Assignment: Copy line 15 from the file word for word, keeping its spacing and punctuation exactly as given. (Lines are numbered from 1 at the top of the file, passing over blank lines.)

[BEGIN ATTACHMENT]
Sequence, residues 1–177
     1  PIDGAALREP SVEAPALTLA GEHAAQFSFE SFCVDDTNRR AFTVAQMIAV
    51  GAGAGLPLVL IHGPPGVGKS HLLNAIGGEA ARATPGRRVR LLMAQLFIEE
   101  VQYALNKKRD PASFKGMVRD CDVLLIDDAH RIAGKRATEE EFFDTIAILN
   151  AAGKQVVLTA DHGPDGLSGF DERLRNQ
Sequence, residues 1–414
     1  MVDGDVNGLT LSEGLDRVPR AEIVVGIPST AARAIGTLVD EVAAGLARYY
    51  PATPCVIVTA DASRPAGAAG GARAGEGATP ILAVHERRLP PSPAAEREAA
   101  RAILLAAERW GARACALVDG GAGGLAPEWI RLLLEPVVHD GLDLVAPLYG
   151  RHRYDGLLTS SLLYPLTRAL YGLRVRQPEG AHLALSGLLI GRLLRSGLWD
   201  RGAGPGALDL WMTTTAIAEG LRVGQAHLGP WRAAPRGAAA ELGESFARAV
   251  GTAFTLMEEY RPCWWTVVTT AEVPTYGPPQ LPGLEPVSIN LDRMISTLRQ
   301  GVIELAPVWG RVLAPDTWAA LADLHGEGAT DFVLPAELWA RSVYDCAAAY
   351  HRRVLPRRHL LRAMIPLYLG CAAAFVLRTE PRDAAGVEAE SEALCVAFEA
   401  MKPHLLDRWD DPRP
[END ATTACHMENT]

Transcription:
   401  MKPHLLDRWD DPRP